Submitted by admin on Thu, 05/24/2018 - 14:40

NSU students, professor part of research that could lead to cure for Huntington’s

While her friends are working typical summer jobs, Northern State University student Cindy Venegas is spending her summer conducting research for a project that could lead to a cure for Huntington’s disease.

“It’s very cool,” said Venegas, an Aberdeen native pursuing a bachelor’s degree in biology and an associate’s in biotechnology. “It’s amazing to be able to do research as a sophomore in college.”

That’s an opportunity unique to NSU, said Dr. Jon Mitchell, who is working with Venegas.

“That’s the Northern advantage,” said Mitchell, associate professor of biology.

Mitchell and Venegas, along with NSU senior Zach Fleming, have been working for the past year to purify the sheep gangliocide GM1, which has been found to impact the effects of Huntington’s and potentially other neurodegenerative diseases.

It’s advanced research, Mitchell said, and it’s funded thanks to a South Dakota EPSCoR (Established Program to Stimulate Competitive Research) grant that pays for wages, equipment and materials.

“It doesn’t happen very often that students get the opportunity to get a little bit of a wage and do some hard science,” Mitchell said. “This is not easy stuff and no one’s doing it.”

Collaborative Effort

The work is a collaborative effort with Dr. Larry and Sue Holler of GlycoScience Research Inc. in Brookings. The couple own a flock of sheep, some of which carry a genetic trait (GM1) that may help people living with Huntington’s, Parkinson’s and Alzheimer’s diseases.

The GM1 gangliocide is critical for normal neuronal development, but in excess causes a genetic disease, Mitchell said. By the time the Hollers’ sheep turn five months old, they’re producing so much of this gangliocide that they cannot function, and they must be put down.

But for people with Huntington’s, research has found that injecting them with this GM1 gangliocide reverses the effects of the disease.

Working Toward a Cure

While this treatment is in very early stages, its impact is certain.

“It is a cure,” Venegas and Mitchell both said.

The Hollers are continuing their work toward getting GM1 approved by the Food and Drug Administration as a treatment. Mitchell and his students are doing their part by working on another component of the project: purifying the gangliocide to determine if the rest of the afflicted lamb is viable – namely, if the meat is safe to consume.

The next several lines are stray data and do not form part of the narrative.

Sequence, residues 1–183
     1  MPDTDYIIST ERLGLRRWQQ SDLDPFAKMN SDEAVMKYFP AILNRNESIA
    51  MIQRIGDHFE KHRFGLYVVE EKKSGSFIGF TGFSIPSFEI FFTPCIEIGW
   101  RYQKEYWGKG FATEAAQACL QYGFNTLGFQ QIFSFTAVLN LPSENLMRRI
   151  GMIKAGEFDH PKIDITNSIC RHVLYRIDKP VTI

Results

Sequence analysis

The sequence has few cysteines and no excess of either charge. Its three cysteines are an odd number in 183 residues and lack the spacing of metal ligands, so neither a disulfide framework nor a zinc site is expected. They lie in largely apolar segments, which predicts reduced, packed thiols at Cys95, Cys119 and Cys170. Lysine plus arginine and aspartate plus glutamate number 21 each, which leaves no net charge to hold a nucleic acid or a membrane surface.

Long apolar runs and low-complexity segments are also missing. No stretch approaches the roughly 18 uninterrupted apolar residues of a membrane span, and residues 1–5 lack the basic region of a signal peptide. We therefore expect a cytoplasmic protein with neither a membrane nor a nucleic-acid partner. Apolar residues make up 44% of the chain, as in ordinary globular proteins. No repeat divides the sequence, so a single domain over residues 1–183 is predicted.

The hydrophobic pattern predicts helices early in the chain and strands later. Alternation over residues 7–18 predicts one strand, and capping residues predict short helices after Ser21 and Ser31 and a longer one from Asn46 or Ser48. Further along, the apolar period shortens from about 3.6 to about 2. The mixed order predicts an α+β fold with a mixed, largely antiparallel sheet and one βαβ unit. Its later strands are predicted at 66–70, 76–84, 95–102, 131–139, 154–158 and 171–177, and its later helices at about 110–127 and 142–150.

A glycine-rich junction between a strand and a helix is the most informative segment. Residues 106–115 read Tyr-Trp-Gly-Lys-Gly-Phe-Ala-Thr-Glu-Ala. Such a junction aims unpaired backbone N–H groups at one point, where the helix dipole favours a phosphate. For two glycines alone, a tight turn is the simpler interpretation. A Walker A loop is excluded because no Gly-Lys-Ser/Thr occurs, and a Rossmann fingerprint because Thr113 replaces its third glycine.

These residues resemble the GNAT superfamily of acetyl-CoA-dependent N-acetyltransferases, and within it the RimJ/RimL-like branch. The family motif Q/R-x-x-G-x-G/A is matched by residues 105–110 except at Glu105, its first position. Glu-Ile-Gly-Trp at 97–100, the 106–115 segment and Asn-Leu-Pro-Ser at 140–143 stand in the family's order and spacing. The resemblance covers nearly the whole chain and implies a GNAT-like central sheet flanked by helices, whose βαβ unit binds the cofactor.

They’re using a couple of different monitoring approaches. In one, they use a fluorescent molecule that will bind to the GM1 to quantify the amount. The other method is standard biochemistry, Mitchell said, monitoring levels using NSU’s new nuclear magnetic resonance spectrometer. This piece of equipment was purchased thanks to a $52,991 Research and Development Innovation Grant from the South Dakota Board of Regents.

Future Possibilities

The GM1 project is ongoing, and they’re hoping EPSCoR funding will continue. They’re also hoping to gather data and eventually send Venegas to a nationwide meeting to present on the project.

Other future possibilities include actually making GM1. Only a sugar separates GM1 from other gangliocides, Venegas said, so if they can isolate the GM2 or GM3 gangliocides and move some of the sugars around, they might be able to make GM1.

Mitchell said their work has involved picking up blood samples from a sheep farmer in Forbes, N.D., and it’s great that the students are getting to see all aspects of research.

“You get to go out in the field, and you get to see it in the labs, and then you get to see the potential for helping folks,” he said. “You get to see the end product.”

Research Will Help with Career

Impacting people’s health is amazing, Venegas said, and is in the area of what she wants to do for a career. She hopes to attend the University of California, Berkeley, pursuing a master’s degree and Ph.D. in biological engineering, and possibly work in pharmaceuticals.

Her undergraduate research at Northern has given her a great start – and it’s an opportunity not found at all colleges.

“In bigger schools, you don’t really see that,” Venegas said, adding, “Actually doing hands-on stuff is pretty great.”